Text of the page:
With the Triple P M single point lesson, you can cover multiple topics with two diagrams. There are two key points to be driven home with these graphics: first, a solely time-based maintenance strategy is destined to leave you missing the performance mark; and two, precision maintenance concepts and craft skills are imperative to effective maintenance. Other points can be added as the audience allows.
The first diagram shows the six failure curves from the many Reliability Centered Maintenance texts. When you realize that only 11 percent of the failure modes tend toward time-based presentation, you quickly see why a maintenance strategy solely based on time-based preventive maintenance activities is flawed. You also see that doing everything right with precision maintenance is crucial if you want to reduce the number of infant mortality failures.
The second graphic to devote to memory is the I-P-F curve, which shows that the most effective downtime prevention tool is to postpone the failure with precision maintenance and the second most important downtime preventer is to catch the defect early enough using predictive tools to plan and schedule the repair. One more point to make that ties into a later single point lesson on materials is that if you do not store it properly and maintain it in stores, then point S (the point it is put in stores), point I, and point P can become one and the same.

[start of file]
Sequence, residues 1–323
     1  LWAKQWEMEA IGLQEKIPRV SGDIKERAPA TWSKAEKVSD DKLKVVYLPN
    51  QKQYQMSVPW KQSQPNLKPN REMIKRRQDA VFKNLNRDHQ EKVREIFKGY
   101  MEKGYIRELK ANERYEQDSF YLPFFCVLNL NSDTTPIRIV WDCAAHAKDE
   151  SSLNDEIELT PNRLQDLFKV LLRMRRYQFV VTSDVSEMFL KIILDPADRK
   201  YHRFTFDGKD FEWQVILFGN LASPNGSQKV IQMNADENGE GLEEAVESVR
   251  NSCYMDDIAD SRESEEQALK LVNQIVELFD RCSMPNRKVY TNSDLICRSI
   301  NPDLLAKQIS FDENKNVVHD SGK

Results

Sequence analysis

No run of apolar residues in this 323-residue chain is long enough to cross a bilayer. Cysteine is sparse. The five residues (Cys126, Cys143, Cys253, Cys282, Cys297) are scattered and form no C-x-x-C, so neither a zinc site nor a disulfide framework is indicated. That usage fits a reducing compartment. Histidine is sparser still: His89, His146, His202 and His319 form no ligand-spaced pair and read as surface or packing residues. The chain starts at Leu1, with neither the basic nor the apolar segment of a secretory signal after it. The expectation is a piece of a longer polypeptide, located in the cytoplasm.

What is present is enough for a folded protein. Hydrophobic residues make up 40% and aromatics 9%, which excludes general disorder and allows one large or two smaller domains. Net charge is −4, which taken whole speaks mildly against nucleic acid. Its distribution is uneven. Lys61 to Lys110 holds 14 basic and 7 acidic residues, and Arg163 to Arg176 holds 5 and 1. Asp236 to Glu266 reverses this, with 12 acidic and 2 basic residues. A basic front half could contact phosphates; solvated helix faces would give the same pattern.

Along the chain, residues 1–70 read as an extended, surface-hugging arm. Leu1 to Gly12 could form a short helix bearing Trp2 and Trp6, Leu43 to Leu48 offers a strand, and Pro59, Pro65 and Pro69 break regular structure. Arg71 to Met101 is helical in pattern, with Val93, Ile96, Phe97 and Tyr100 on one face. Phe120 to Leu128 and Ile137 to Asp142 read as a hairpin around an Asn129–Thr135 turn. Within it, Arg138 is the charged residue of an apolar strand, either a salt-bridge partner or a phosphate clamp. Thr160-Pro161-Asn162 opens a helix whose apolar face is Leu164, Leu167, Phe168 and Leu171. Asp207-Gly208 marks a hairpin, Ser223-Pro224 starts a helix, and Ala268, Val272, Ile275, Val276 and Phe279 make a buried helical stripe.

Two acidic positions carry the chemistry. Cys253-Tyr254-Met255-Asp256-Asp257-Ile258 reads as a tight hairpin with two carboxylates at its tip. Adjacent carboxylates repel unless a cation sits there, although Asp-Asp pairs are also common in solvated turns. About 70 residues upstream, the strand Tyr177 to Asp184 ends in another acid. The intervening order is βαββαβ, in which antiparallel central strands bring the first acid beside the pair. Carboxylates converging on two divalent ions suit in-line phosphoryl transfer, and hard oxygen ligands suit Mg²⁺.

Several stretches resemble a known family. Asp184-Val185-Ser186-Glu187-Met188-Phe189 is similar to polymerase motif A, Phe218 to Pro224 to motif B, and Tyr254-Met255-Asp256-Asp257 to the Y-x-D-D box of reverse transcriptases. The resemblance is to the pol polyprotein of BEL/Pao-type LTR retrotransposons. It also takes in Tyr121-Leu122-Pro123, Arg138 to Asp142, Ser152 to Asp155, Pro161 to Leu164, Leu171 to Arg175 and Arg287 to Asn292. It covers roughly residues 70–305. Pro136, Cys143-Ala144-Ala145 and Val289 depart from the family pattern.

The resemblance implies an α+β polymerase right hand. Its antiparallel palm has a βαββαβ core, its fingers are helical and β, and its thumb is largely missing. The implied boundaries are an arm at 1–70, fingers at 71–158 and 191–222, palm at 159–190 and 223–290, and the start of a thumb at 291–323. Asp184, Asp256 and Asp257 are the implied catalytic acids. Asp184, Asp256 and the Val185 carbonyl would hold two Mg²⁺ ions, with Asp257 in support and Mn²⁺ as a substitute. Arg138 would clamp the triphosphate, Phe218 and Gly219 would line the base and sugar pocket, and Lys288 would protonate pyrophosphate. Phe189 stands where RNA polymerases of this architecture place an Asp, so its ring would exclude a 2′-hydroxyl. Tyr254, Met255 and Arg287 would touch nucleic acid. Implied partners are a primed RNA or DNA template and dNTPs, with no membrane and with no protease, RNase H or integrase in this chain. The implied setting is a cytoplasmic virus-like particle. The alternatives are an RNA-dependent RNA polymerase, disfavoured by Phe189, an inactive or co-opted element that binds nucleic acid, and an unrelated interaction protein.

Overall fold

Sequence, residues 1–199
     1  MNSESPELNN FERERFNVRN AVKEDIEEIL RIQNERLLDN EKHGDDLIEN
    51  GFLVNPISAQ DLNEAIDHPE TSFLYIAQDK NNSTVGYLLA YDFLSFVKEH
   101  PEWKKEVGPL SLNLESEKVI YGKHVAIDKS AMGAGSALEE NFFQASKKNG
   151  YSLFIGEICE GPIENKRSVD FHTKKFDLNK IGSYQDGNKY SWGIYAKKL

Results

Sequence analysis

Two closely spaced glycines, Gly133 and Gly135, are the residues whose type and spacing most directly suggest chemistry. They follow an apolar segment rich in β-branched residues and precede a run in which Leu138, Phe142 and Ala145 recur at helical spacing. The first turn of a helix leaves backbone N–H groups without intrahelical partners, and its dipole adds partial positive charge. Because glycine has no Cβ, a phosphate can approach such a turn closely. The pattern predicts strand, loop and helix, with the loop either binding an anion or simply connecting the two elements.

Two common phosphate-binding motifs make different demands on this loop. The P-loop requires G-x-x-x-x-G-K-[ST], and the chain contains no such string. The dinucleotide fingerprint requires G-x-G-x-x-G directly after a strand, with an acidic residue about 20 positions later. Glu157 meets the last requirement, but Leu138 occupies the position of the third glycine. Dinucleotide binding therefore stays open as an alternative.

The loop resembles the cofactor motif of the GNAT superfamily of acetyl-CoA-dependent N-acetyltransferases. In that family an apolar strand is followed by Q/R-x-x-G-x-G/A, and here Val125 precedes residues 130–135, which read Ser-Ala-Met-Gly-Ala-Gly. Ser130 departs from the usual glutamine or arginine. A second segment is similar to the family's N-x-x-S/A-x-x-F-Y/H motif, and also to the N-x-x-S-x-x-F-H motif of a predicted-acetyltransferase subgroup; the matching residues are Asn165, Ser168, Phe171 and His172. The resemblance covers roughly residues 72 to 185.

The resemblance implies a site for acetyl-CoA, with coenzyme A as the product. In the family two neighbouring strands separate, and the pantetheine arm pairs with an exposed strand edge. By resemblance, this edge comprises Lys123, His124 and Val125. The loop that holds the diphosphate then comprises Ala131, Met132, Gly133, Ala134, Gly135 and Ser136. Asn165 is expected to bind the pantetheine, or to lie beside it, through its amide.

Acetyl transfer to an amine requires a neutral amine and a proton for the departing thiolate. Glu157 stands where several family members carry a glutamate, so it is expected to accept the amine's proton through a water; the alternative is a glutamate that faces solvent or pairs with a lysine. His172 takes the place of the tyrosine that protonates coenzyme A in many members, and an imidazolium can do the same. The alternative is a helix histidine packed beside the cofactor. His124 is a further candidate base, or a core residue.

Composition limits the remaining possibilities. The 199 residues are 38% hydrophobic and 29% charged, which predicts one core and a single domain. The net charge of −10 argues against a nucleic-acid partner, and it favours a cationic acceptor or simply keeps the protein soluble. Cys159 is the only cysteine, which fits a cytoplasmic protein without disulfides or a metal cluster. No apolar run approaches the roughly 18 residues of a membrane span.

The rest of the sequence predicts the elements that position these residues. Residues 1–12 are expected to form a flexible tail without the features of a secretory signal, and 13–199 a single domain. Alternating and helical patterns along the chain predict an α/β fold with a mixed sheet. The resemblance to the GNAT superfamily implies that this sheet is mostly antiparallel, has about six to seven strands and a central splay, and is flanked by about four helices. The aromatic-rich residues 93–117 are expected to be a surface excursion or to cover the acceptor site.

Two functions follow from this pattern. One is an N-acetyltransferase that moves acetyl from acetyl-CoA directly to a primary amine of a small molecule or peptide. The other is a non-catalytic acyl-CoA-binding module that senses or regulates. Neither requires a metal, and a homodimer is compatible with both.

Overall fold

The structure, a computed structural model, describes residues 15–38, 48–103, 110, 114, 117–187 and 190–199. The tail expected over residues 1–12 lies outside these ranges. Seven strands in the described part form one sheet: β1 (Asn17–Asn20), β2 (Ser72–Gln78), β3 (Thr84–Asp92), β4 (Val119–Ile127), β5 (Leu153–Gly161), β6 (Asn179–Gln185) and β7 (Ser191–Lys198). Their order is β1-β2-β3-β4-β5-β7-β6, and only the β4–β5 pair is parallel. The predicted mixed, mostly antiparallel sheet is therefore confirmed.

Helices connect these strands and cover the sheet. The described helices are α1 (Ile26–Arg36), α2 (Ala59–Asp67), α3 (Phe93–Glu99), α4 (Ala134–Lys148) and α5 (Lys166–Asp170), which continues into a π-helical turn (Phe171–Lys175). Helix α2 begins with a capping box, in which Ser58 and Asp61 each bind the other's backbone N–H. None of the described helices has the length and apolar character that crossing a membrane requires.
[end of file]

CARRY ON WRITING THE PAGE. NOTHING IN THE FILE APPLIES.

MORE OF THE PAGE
On this single point lesson, you can also talk about how, based on recent studies of PM maintenance tasks, the following holds true for the average facility:
· 30% of the PM tasks add no value.
· 30% of the PM tasks in the average facility could be more effective and efficient if they were done with PdM tools.
· 30% of the PM tasks should be reengineered to address the failure modes of the asset.
· 10% of the PM tasks are fine the way they are.
This sheds a bit of light on another substantial area of waste that can be removed with a plan and some patience.